We can read about the population of a state, but it can be hard to visualize what its density looks like. Data technologist Spencer Schien is demystifying a selection of U.S. states with his fascinating population density maps. In each of his three-dimensional visualizations, he uses publicly available data and R programming language to chart the areas where people live.
What this looks like, in practice, are bold maps that have the more densely populated areas represented by bars resembling skyscrapers. The more people there are, the higher these sites get, making them reminiscent of a topographical map. For some states, the difference between rural population areas and urban centers looks extreme, such as in the case of Chicago, Illinois. The lower population sectors are light blue while there are so many people in the Windy City that the bars transition from an orange to a bright yellow.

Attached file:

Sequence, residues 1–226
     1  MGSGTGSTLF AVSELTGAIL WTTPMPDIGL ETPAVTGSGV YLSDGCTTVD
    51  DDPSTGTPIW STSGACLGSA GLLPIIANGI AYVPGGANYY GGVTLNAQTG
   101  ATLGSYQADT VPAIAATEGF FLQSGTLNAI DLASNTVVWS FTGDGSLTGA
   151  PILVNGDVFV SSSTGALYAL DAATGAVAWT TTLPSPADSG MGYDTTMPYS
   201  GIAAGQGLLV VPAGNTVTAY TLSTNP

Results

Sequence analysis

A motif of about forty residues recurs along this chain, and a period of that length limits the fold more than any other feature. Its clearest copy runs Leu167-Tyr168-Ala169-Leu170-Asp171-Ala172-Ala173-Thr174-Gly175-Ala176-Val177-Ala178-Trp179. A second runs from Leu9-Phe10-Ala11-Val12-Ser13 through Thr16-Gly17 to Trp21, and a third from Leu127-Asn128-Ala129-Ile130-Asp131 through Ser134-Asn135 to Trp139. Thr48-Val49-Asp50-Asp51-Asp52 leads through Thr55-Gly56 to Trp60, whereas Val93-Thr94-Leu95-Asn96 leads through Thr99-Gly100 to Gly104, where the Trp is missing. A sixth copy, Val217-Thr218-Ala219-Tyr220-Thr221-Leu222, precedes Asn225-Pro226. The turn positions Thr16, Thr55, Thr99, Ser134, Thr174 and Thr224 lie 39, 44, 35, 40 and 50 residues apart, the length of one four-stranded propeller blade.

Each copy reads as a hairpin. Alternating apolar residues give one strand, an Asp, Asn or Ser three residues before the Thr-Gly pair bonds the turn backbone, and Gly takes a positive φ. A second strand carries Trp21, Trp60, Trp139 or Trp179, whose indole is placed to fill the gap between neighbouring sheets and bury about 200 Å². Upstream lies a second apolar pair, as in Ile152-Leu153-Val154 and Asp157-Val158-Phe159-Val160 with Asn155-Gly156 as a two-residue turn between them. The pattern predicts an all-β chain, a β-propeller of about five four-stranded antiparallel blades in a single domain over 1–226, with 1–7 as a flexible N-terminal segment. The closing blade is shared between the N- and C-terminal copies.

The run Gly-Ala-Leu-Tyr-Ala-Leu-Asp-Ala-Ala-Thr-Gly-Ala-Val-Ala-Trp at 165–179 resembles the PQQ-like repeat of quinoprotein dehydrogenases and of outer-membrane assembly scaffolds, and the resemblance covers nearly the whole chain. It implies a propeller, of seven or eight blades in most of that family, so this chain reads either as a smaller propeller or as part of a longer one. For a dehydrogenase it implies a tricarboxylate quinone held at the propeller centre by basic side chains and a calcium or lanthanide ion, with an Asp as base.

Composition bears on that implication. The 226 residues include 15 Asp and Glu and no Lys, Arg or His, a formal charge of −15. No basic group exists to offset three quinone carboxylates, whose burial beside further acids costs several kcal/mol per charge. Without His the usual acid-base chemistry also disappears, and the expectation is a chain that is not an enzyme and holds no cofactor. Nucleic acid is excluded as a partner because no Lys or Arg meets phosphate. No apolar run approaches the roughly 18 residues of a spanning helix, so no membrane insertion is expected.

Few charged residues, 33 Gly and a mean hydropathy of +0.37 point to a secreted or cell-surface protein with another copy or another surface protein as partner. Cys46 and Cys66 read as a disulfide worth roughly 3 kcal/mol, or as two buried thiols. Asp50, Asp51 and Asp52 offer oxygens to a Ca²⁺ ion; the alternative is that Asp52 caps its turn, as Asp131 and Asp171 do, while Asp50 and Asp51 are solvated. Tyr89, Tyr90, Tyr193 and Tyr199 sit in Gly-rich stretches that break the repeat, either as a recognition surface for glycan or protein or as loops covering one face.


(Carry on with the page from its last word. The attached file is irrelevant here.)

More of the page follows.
Schien was inspired to make these maps as part of the #30DayMapChallenge in November 2021. “The theme for day 21 was the Kontur Population Dataset,” he explains to My Modern Met. “The specific style was inspired by maps created with Aerialod (3D rendering software), and I was also driven to create comparable maps with my open-source software of choice, the R program language.”
His aesthetic was further inspired by the internet at large. “I also have long drawn inspiration from the Twitter user @researchremora,” Schien explains, “who started making beautiful shaded relief elevations maps a while ago (they're an anonymous account).”
As of now, Schien has created several state maps, city maps, and comparative maps, as well as some maps of regional areas like neighboring towns along the Mississippi river bank. He plans to continue the project. “At this point, I think I'll probably do all the states. I also like to come up with creative ways to portray the data beyond standard administrative boundaries of states.”
To see what Schien is working on next, follow him on Twitter.